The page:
April 24, 2008 -- We had to meet 14-year-old Said in the dead of night, no camera lights allowed. We were just a few yards from the Egyptian border, with Gaza with its spotlights and heavily armed guards.
We walked in silence. Said and his two friends carried sacks on their backs containing their digging tools.
We crawled into the remains of a bombed-out building, feeling our way with our hands. Once inside, the teenage boys told us we could turn on our lights.
Said led us down deeper into the rubble, and then we were on our hands and knees. I have never liked confined spaces, and this was testing my resolve.
We arrived at the tunnel's opening -- a circular shaft reinforced by breeze blocks.
Said quickly jumped down and then, twisting his body, crawled backward into the smuggling tunnel until he disappeared, clouds of dust rising up towards us.
Despite his youth Said is an experienced tunnel digger. This is his fifth.
Since June when Hamas took control of Gaza by force, Israel has imposed a strict blockade on all but the most basic supplies. That has meant a boom in smuggling under the border with Egypt. The smuggling tunnels are working full time.
Said does it for the money. The smuggling bosses will pay him almost $7,000 when this tunnel is finished.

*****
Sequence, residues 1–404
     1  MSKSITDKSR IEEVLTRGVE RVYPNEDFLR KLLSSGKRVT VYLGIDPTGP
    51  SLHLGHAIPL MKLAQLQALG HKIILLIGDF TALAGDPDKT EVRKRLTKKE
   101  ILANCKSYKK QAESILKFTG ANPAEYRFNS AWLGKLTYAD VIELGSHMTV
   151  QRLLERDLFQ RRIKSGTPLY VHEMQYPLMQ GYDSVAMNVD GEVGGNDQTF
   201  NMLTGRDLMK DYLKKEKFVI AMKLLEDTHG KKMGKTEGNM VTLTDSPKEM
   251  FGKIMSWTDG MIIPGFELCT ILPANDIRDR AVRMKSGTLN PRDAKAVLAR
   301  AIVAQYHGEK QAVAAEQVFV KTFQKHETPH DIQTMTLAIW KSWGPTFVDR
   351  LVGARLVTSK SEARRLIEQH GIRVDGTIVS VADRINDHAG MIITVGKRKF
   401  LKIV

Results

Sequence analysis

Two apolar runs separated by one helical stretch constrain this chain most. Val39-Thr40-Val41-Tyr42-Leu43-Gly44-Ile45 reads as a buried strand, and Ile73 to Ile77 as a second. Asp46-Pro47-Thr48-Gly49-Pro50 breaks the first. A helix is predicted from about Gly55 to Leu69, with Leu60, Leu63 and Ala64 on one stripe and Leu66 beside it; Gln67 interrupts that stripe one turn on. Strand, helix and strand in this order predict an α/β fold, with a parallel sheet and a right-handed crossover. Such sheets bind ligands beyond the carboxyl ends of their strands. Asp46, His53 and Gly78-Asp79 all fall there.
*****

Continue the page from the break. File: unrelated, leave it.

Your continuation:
It will be used to smuggle everything from cigarettes and medicine to guns and bullets. They use him because he's small and brave.
The $7,000 is big money these days in Gaza, with its 70 percent unemployment. It is money Said uses to support his family.
When we were in Gaza we were told that anything can be smuggled.
You approach a smuggling gang, usually through an intermediary, and tell them what you want. It could be medication for your father, a computer game for your child or a new Kalashnikov rifle.
Several days later, the intermediary comes back with a price quote.
But working in the tunnels is hard and dangerous.
Said and his friends work all night, by hand.
Each tunnel takes months to dig. Said told me you need a hard heart to dig in the tunnels.
The conditions are cramped and airless. The dust is choking.
The boys pick at the roof of the tunnel with small spades and the blade of a pickax.
Large stones and bags of sand are passed out by hand. Nothing holds up the roof.
In the last two months several tunnels have collapsed.
While we were in Gaza, we ran into the funeral of a digger whose tunnel collapsed. It took four days to find the body.
Said does go to school, but only sometimes. His headmaster told us he despaired at what Said does but he understands the need to earn money for his family.
While we filmed Said in class it was clear his heart wasn't in it. Halfway through he got up and walked out, ready for another shift underground in his tunnel.
He told us he knew the dangers. He knew that one day his tunnel might turn into his grave.